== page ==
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I love almost everything about this movie. I like the LoserProtagonist played to perfection by Jack Black who actually knows more about Kung Fu than he seems to as evidenced by his recognizing the Woxie Finger hold in a Chekhov's Gun early scene.
And I think Master Shifu using Po’s love of food to train him was funny and impressively showcased the idea of turning a liability into an advantage. To quote Kung Fu Panda 3, “I’m not trying to turn you into me, I’m trying to turn you into you.”
And how Po reveals he wasn’t oblivious to Shifu wanting to get rid of him but was willing to endure to prove himself. And I like how it turns out that what he wanted was the respect of the Furious Five.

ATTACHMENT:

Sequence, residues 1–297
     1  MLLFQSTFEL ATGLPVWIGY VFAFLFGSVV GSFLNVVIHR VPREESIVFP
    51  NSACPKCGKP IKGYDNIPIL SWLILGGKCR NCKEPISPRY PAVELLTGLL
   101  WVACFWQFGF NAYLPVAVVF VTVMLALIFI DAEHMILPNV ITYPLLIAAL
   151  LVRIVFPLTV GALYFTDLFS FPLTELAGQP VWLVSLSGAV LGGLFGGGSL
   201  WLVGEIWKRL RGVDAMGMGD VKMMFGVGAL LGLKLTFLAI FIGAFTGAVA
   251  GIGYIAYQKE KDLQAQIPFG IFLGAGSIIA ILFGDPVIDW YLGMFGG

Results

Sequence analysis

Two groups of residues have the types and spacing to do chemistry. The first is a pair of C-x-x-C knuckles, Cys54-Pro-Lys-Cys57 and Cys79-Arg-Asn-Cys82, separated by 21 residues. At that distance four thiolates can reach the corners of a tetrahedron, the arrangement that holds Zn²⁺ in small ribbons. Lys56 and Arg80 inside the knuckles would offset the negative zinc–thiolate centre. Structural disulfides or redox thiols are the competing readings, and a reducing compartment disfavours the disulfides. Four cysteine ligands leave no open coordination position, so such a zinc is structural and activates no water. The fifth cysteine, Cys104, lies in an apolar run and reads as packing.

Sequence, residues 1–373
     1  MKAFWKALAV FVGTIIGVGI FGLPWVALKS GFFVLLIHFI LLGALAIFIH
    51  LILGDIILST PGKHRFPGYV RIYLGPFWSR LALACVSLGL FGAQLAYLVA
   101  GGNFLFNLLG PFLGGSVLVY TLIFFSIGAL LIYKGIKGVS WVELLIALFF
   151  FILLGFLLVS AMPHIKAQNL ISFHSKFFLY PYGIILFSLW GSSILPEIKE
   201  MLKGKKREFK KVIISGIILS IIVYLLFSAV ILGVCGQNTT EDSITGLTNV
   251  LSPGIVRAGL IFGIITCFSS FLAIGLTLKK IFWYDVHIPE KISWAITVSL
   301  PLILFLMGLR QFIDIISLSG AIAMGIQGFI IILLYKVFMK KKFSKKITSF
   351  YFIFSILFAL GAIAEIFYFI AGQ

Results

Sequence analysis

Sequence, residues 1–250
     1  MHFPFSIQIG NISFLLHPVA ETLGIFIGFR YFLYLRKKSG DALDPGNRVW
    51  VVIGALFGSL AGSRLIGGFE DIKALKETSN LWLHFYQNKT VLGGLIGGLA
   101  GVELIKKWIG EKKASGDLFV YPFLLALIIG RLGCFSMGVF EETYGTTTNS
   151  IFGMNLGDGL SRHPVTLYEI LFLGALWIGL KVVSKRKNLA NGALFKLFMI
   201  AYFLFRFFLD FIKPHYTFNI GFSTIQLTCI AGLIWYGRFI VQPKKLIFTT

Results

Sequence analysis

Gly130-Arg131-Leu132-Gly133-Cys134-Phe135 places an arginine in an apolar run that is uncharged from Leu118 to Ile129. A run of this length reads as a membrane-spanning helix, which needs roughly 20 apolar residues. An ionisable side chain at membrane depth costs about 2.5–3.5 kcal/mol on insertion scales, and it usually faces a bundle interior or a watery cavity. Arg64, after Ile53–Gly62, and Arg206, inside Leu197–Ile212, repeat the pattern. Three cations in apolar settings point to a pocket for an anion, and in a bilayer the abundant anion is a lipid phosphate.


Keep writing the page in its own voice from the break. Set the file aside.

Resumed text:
I like how it subverted never my fault with Master Shifu when Shifu tells Tai-Lung, “I was always proud of you, I was too proud, too proud to see what you were becoming, what I was driving you into. I am sorry”. And how Tai-Lung seems to be genuinely feeling a twinge of regret or hesitation after that but still refused to take a Heel–Face Turn because it’s possible for a villain to be conflicted and still do evil anyway.
And I like the Aesop about how hard work, grit, resilience and a serious effort to turn your liabilities into advantages is what it takes to be a master because as Ping tells Po, “there is no secret ingredient”.